Mandarin Two Ways: Caipirinha Drink and Popsicle and 40 Facts about Rio de Janeiro

Mandarin Two Ways: Caipirinha Drink and Popsicle and 40 Facts about Rio de Janeiro

The mandarin season is reaching its end here in Australia meaning summer is not too far away and in honour of this juicy and delicious fruit I post these two quick and easy recipes. Who doesn’t love an icy and fruity popsicle to leak or a boozy and refreshing cocktail when the weather is starting to get warm? Over to the other side of the planet, in Brazil during the hot summer days loads of fruits are consumed and used to prepare cold desserts and drinks like fruit popsicles, ice-creams, juices, cocktails and smoothies. They are sold in beach carts, stalls or beach front restaurants. Some of the popular popsicle flavours include dark grape, coconut, lime, mango and mandarin. As for caipirinha, the original one is made with lime, sugar, ice and cachaça. Many of other versions of this drink have been created over the years by replacing lime with other fruits.   When I think about Brazilian summer it’s the image of Rio de Janeiro that comes to my mind , for this reason I dedicate this post to the marvellous city (that’s how Rio is known in Brazil). Since the city is Brazil’s postcard it’s impossible to continue this post without showing some images of Rio. Thanks to my wonderful friends Karen, Larissa, Bia for the images below. Bia up close and personal with Christ, the Redeemer Bia praising the panoramic views from Corcovado. Panoramic Views of Rio by night (photo by Larissa)   Ipanema Beach and the view of the Dois Irmãos (Two Brothers) Moutains – by Karen Copacabana Beach – by Karen …and here are 40 facts about this fantastic city: It’s also known as “Rio” or...
‘Romeo and Juliet’ Goat’s Cheese and Guava Paste Panna Cotta

‘Romeo and Juliet’ Goat’s Cheese and Guava Paste Panna Cotta

Who doesn’t know the tale of Romeo and Juliet? The tragic story of two young lovers who are unable to maintain a relationship and their ultimate death change the lives of their families forever. Romeo and Juliet is an Italian tale that was firstly introduced to the English world in a form of poem and prose before being adapted as a play by William Shakespeare. Over the years, the story has been adapted and told various times in plays, movies, musicals and opera. In addition, Romeo and Juliet’s moments were depicted in dozens of paintings and illustrations, including many by notorious painter Salvador Dali (click here), and in the graceful sculpture of the couple in Manhattan’s Central Park (click here to see the sculpture). In Brazil Romeo and Juliet’s tale ended up in the kitchen and is the name given to the delicious cheese and guava paste duo in which the cheese represents Romeo and Juliet is the guava paste. Guava paste is a Brazilian preserve made with red guava and sugar with a consistency similar to a fig paste.  Traditionally this sweet and sticky paste is eaten with the salty and rubbery Minas’ cheese making the Brazilians’ eyes roll with delight followed by a finger-leaking moment. I must say that I love the names given to dishes in Brazil, they are so creative! The name Romeo and Juliet was given because, like the young couple, cheese and guava paste are soul mates (in this case of flavour). What started as a simple combination became a national fever and like Romeo and Juliet’s story, the cheese and guava paste theme...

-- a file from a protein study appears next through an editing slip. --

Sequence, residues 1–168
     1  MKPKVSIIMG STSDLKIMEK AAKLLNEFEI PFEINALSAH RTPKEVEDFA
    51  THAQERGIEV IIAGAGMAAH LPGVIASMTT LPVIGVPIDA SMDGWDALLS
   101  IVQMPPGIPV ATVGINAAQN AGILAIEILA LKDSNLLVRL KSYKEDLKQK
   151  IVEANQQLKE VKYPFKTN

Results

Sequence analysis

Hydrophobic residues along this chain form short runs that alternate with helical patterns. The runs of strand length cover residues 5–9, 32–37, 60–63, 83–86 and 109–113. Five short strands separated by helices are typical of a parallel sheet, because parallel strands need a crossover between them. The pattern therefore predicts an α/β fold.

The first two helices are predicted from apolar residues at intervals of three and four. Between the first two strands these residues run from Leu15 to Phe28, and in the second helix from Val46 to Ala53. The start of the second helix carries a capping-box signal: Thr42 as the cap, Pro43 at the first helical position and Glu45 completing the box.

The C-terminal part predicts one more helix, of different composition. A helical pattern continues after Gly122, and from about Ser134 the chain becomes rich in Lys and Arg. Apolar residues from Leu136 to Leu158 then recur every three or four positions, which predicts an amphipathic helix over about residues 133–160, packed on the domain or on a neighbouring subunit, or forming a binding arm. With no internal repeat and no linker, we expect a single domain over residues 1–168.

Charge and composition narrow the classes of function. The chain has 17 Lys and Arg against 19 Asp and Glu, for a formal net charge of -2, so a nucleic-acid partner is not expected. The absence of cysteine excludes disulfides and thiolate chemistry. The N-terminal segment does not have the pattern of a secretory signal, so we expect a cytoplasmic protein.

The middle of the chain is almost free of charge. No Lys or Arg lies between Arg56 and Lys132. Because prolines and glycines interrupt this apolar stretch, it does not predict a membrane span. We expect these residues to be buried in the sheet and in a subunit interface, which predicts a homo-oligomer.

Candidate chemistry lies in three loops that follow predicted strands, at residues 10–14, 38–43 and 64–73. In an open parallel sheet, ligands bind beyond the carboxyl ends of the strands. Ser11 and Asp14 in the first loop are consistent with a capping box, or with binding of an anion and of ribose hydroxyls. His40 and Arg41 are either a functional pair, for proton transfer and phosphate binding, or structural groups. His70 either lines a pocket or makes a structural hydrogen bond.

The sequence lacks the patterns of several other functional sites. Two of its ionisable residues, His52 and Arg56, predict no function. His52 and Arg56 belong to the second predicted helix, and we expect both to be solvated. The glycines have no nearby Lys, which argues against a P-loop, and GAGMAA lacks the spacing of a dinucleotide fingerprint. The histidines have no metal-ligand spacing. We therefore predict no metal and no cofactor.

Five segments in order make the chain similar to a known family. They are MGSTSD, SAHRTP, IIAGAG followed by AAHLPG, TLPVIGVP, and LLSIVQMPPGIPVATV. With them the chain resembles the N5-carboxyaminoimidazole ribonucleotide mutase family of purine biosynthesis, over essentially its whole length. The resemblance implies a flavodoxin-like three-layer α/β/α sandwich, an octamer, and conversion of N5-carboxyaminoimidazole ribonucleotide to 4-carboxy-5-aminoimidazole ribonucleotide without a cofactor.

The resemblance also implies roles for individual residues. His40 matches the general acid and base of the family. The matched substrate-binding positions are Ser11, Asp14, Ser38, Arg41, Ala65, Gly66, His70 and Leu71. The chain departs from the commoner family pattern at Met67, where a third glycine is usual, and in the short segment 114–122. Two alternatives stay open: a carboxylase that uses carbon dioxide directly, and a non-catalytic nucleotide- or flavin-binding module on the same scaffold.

Avocado Ice-Cream with Cashew Nut Brittle

Avocado Ice-Cream with Cashew Nut Brittle

The creamy and buttery Avocado is a fruit native to Central America and Mexico. Avocados are a great healthy food choice for being source of many vitamins, minerals and good fats while providing relatively low calories. The neutral flavour of Avocado makes the fruit very easy to use in all sorts of recipes from savoury to sweet. In many instances avocados are added to  salsas such as the popular guacamole, when is mixed with onions, lime and coriander and served as an accompaniment to spicy Mexican dishes. They also make great addition to salads and are good match with many vegetables for example lettuce, cucumber, capsicum, tomato and peas. Blend some avocado with lime, cumin, ground chilli and vegetable stock and you will have a beautiful cold summer soup. Add avocado to your sushi filling along with raw tuna, cucumber and black sesame seeds. Roughly mash the avocado and use it as a healthy spread option in your favourite sandwich. In Australia is quite common to add avocado in chicken salads, which is also a great combination. Another avocado recipe that I just love and is a match made in heaven is the prawn and avocado cocktail – definitely one of those recipes you should try before you die. Differently from the other South American countries, in Brazil we prefer to use avocados in desserts and not in savoury dishes. With the Mexican food fever that started many years ago in Brazil this trend is slowly changing, but when I was a child I found it very strange that countries like Chile, Mexico and Argentina used avocado to make salads. This is because I grew up eating avocado on its skin, roughly...